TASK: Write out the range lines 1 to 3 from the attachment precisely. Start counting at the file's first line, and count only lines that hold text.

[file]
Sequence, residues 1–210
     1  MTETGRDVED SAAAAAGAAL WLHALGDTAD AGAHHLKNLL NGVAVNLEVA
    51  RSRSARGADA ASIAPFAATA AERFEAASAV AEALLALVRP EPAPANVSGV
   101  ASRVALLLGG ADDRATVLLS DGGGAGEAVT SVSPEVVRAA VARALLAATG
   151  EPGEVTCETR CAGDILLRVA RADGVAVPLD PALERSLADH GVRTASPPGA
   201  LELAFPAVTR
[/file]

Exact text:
Sequence, residues 1–210
     1  MTETGRDVED SAAAAAGAAL WLHALGDTAD AGAHHLKNLL NGVAVNLEVA
    51  RSRSARGADA ASIAPFAATA AERFEAASAV AEALLALVRP EPAPANVSGV